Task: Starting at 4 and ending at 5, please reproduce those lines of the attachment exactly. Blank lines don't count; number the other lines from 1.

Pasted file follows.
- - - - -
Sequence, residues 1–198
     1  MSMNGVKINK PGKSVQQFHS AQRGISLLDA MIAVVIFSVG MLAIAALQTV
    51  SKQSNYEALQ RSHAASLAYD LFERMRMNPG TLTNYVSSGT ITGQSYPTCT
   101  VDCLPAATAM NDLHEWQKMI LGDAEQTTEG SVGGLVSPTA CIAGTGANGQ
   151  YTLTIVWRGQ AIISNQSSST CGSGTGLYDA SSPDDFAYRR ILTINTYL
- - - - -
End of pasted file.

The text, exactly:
   101  VDCLPAATAM NDLHEWQKMI LGDAEQTTEG SVGGLVSPTA CIAGTGANGQ
   151  YTLTIVWRGQ AIISNQSSST CGSGTGLYDA SSPDDFAYRR ILTINTYL